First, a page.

This type of objection to an award of fees more typically arises in cases where a plaintiff brings several claims covered by a fee-shifting statute, such as 42 U.S.C. § 1988, and is successful on some but not all of the claims. In that situation, the Supreme Court has held that the district court must evaluate the inter-relatedness of the claims to determine a reasonable fee:
In some cases a plaintiff may present in one lawsuit distinctly different claims for relief that are based on different facts and legal theories. In such a suit, even where the claims are brought against the same defendants . . . counsel's work on one claim will be unrelated to his work on another claim. Accordingly, work on an unsuccessful claim cannot be deemed to have been "expended in pursuit of the ultimate result achieved." The congressional intent to limit awards to prevailing parties requires that these unrelated claims be treated as if they had been raised in separate lawsuits, and therefore no fee may be awarded for services on the unsuccessful claim. . . .
In other cases the plaintiff's claims for relief will involve a common core of facts or will be based on related legal theories. Much of counsel's time will be devoted generally to the litigation as a whole, making it difficult to divide the hours expended on a claim-by-claim basis. Such a lawsuit cannot be viewed as a series of discrete claims. Instead the district court should focus on the significance of the overall relief obtained by the plaintiff relation to the hours reasonably expended on the litigation.
Hensley, 461 U.S. at 434-35. The Plaintiffs here were largely successful in the overall litigation and obtained significant relief, but unlike in Hensley success on their other claims does not entitle them to an award of attorneys' fees. Noting this distinction, the Third Circuit has held in a similar case that the district court should still apply the Hensley rationale in determining a reasonable fee for litigation that includes claims that do and do not entitle a prevailing party to attorneys' fees:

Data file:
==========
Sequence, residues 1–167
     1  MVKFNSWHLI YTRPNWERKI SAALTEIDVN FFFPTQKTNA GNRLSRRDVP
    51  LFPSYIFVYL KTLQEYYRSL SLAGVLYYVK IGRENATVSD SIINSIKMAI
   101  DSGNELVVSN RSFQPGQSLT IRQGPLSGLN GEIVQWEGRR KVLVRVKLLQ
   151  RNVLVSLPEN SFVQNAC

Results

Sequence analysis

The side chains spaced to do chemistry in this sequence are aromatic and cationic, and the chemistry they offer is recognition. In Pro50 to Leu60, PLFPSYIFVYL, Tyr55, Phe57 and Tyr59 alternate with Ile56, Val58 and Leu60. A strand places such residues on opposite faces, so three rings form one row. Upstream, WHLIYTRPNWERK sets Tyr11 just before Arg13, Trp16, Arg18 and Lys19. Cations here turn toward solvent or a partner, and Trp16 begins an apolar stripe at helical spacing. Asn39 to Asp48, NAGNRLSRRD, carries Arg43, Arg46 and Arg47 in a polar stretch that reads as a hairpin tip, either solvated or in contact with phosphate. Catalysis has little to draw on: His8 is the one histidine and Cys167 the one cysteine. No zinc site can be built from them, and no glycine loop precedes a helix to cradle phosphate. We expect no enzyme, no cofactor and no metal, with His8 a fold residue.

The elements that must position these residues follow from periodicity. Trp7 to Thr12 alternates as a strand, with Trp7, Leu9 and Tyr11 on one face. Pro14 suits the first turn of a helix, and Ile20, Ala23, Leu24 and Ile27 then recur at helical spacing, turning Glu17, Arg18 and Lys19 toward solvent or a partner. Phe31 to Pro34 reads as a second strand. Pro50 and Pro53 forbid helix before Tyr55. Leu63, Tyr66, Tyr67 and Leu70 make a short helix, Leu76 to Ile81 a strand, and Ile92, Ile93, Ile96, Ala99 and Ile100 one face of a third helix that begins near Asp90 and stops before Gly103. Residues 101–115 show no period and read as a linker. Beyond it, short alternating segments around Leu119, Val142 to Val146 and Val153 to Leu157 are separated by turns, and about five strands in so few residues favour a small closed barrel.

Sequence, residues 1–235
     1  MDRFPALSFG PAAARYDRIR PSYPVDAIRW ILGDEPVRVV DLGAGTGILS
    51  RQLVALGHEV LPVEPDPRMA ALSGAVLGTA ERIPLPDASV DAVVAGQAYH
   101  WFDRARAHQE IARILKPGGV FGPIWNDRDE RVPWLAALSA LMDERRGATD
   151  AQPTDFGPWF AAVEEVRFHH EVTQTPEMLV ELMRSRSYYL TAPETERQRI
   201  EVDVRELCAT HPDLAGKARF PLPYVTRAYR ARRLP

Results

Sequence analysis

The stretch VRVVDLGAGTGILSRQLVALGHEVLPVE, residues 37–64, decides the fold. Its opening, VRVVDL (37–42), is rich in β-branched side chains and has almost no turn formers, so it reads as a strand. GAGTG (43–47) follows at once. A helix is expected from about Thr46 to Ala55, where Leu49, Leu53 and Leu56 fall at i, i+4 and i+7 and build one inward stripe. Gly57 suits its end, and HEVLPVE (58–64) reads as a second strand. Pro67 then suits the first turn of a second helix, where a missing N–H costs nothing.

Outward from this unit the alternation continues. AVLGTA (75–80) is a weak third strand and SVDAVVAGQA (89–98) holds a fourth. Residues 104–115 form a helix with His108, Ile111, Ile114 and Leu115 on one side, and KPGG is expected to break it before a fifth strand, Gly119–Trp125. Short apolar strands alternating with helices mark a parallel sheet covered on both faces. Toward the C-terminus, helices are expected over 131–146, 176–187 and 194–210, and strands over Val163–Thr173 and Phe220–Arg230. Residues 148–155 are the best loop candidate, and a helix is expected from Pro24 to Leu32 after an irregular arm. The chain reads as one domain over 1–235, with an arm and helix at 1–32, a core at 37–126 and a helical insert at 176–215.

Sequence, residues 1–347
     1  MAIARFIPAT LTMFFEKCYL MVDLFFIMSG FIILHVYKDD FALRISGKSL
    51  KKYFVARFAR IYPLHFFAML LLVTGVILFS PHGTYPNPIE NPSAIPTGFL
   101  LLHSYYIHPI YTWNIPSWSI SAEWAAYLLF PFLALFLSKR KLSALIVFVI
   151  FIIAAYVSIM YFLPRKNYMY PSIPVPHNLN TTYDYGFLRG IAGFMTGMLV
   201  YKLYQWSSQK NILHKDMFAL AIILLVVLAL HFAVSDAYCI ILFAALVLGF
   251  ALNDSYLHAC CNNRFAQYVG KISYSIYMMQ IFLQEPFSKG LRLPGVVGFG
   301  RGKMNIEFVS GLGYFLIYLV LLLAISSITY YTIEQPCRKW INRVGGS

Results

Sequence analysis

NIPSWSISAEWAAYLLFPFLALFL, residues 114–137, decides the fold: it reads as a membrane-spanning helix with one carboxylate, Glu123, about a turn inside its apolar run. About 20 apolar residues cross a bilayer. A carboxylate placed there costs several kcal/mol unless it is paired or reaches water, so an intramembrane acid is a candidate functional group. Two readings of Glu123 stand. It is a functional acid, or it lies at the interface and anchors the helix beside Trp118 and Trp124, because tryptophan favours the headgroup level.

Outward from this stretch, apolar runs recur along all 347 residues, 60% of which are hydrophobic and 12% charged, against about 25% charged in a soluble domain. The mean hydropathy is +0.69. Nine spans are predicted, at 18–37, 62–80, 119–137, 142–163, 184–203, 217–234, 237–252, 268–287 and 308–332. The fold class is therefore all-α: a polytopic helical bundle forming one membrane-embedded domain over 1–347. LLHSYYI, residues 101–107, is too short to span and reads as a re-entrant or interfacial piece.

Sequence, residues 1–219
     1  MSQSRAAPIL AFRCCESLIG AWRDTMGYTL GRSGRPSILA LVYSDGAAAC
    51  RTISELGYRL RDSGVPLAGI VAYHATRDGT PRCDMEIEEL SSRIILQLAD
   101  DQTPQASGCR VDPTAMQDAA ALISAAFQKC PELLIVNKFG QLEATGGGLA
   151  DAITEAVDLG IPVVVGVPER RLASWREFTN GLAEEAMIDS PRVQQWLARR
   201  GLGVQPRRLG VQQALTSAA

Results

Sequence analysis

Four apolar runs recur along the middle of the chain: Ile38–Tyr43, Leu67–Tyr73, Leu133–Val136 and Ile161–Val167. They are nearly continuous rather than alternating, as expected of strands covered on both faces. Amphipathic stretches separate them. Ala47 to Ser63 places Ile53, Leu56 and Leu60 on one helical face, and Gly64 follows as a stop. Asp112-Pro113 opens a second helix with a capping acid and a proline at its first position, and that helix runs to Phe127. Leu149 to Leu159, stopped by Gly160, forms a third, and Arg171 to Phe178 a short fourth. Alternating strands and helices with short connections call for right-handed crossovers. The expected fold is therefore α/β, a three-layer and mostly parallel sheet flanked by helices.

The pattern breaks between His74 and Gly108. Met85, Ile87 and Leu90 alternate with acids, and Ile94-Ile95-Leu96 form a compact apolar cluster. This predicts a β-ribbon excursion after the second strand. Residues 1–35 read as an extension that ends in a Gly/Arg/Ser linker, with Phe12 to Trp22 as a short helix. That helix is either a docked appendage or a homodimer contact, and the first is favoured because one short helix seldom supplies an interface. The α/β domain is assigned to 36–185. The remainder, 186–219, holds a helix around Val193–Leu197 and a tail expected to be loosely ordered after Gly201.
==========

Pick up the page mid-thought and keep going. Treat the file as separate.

Initially, we recognize that Hensley arose in the civil rights context and that, under 42 U.S.C. § 1988, prevailing parties are entitled to recover a reasonable attorney's fee. The issue in Hensley was distinguishing claims on which the plaintiff was the prevailing party from those on which he was not. Unlike Hensley, this case involves claims brought pursuant to three statutes, only two of which provide for attorneys' fees. This case is similar to Hensley, however, because the district court attempted to allocate the attorneys' time to the statute under which each claim was raised. Hensley, therefore, is instructive. . . .
[T]here is no precise rule or formula for determining the amount of lawyers' services spent on claims raised under different statutes. In such situations, "the district court may attempt to identify specific hours that should be eliminated, or it may simply reduce the award to account for the limited success."
Williams v. Tri-County Growers, Inc., 747 F.2d 121, 137 (3d Cir. 1984) (abrogated on other grounds by Pullman-Standard v. Swint, 456 U.S. 273, 287 (1982)). Accordingly, a district court confronted with this situation should follow the precepts established in Hensley and "consider the interrelated nature of the lawsuit as a whole." Id.